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I've come across a vexing problem with a PostgreSQL query. This works in my local development environment:

SELECT distinct (user_id) user_id, created_at, is_goodday 
FROM table 
WHERE ((created_at >= '2011-07-01 00:00:00') AND user_id = 95 
AND (created_at < '2011-08-01 00:00:00')) 
ORDER BY user_id, created_at ASC;

...but gives the following error on my QA server (which is on Heroku):

PGError: ERROR:  syntax error at or near "user_id"
LINE 1: SELECT distinct (user_id) user_id, created_at,

Why could this be?

Other possibly relevant info:

I have tried single-quoting and double-quoting the field names

It's a Rails 3 app, but I'm using this SQL raw, i.e. no ActiveRecord magic

My local version of Postgres is 9.0.4 on Mac, but I have no idea what version Heroku is using

share|improve this question
I'm just trying to select all entries for a given date grouped by user_id (there are multiple entries per user_id; I need the most recent one). The MySQL version of it would (I think) be something like select * from table group by user_id, but I'm told that Postgres doesn't allow that per SQL compliance (and anyway, the MySQL way doesn't guarantee that the unique user_id is in fact the most recent one) – yalestar Jul 22 '11 at 20:41
up vote 1 down vote accepted

As per your comment, the standard PostgreSQL version of that query would be:

SELECT user_id, created_at, is_goodday
FROM table
WHERE created_at >= '2011-07-01 00:00:00'
  AND created_at <  '2011-08-01 00:00:00'
  AND user_id     = 95
ORDER BY created_at DESC, id DESC

You don't need user_id in the ORDER BY because you have user_id = 95, you want created_at DESC in the ORDER BY to put the most recent created_at at the top; then you LIMIT 1 to slice off just the first row in the result set. GROUP BY can be used to enforce uniqueness or if you need to group things for an aggregate function but you don't need it for either one of those here as you can get uniqueness through ORDER BY and LIMIT and you can hide your aggregation inside the ORDER BY (i.e. you don't need MAX because ORDER BY does that for you).

Since you have user_id = 95 in your WHERE, you don't need user_id in the SELECT but you can leave it in if that makes it easier for you in Ruby-land.

It is possible that you could have multiple entries with the same created_at so I added an id DESC to the ORDER BY to force PostgreSQL to choose the one with the highest id. There's nothing wrong with being paranoid when they really are out to get you and bugs definitely are out to get you.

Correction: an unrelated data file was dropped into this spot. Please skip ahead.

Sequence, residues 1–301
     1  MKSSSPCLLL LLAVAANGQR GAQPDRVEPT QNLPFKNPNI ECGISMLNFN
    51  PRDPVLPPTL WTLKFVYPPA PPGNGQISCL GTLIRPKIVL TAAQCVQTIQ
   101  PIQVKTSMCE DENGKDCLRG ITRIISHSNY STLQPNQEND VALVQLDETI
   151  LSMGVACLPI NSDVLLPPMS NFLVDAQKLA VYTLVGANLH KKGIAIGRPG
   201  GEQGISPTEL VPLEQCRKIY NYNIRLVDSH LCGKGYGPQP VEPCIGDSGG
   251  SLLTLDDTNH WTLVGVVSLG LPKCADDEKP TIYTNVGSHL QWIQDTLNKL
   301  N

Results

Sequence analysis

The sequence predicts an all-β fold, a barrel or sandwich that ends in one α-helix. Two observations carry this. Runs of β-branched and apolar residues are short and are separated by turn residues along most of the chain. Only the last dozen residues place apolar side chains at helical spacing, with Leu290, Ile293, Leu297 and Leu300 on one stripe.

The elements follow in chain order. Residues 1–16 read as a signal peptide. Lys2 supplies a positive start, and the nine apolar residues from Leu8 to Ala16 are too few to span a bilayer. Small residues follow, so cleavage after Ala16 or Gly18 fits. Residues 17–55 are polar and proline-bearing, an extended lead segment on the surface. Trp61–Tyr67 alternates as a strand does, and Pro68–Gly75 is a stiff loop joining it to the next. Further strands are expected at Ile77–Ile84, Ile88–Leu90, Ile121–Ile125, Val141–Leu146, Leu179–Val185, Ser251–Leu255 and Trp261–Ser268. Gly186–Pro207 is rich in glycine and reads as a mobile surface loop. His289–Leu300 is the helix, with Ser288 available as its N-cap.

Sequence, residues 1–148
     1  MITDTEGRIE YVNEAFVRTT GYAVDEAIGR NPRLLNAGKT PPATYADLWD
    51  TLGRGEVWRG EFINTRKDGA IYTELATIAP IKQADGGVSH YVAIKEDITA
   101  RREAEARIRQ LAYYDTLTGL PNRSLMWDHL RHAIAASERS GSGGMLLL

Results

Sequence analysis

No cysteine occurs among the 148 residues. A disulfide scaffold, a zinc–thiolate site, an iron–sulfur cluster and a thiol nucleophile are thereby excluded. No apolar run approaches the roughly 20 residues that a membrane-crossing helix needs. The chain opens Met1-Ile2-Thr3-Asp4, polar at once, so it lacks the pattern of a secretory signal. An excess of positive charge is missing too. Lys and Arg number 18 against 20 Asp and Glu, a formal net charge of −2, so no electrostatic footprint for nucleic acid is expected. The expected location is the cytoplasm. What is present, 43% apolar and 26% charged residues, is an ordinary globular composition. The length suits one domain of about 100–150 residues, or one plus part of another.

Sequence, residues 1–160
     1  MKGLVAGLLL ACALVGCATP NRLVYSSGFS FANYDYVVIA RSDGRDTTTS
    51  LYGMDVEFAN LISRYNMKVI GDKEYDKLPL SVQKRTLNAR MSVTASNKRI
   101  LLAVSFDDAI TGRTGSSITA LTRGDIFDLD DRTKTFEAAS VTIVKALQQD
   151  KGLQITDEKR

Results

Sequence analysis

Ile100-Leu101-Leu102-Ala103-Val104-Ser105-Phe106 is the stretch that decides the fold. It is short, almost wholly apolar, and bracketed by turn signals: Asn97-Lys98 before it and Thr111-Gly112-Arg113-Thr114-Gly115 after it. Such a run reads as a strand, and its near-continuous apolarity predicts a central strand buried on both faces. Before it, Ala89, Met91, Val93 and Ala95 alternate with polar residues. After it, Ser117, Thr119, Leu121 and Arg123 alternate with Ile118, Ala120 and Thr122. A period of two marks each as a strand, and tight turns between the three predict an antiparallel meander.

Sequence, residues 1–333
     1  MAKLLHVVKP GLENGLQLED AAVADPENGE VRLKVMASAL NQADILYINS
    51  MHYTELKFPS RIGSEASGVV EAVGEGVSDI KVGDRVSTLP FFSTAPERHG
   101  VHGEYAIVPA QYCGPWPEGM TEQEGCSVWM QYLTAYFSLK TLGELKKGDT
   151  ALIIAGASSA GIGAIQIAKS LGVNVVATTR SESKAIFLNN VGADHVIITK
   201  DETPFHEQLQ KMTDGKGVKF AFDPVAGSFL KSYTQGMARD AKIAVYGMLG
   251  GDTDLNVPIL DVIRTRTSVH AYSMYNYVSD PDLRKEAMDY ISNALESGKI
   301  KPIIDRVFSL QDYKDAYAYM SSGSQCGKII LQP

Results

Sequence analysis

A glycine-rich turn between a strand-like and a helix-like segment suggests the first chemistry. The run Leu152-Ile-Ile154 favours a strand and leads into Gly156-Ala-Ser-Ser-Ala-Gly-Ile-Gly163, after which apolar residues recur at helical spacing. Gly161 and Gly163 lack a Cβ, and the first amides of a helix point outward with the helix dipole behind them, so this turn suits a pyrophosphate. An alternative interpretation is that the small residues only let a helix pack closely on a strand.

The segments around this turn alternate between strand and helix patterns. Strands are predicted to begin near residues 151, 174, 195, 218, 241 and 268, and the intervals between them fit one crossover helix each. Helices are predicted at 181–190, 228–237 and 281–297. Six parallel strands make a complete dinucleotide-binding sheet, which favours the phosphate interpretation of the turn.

Also, you want DESC in your ORDER BY to get the highest values at the top, ASC puts the lowest values at the top. The more recent timestamps will be the higher ones.

In general, the GROUP BY and SELECT have to match up because:

When GROUP BY is present, it is not valid for the SELECT list expressions to refer to ungrouped columns except within aggregate functions, since there would be more than one possible value to return for an ungrouped column.

But that doesn't matter here because you don't need a GROUP BY at all. I linked to the 8.3 version of the documentation to match the PostgreSQL version you're using.

There are probably various other ways to do this but this one as probably as straight forward and clear as you're going to get.

share|improve this answer
Huzzah! Thank you mu – yalestar Jul 22 '11 at 22:00

put a quote in user_id like user_id = '95'. Your query should be

SELECT distinct (user_id) as uid, created_at, is_goodday  FROM table  WHERE 
((created_at >= '2011-07-01 00:00:00') AND user_id = '95'  AND (created_at < '2011-08-01 00:00:00'))  ORDER BY user_id, created_at ASC;   
share|improve this answer
Hmmm, no luck. Thanks though – yalestar Jul 22 '11 at 18:26
@Yalestar, edited the post. give it a try again. – Rahul Jul 22 '11 at 18:28

You're using DISTINCT ON (without writing the ON). Perhaps you should write the ON. Perhaps your postgres server dates from before the feature was implemented (which is pretty old by now).

If all else fails, you can always do that with some GROUP BY...

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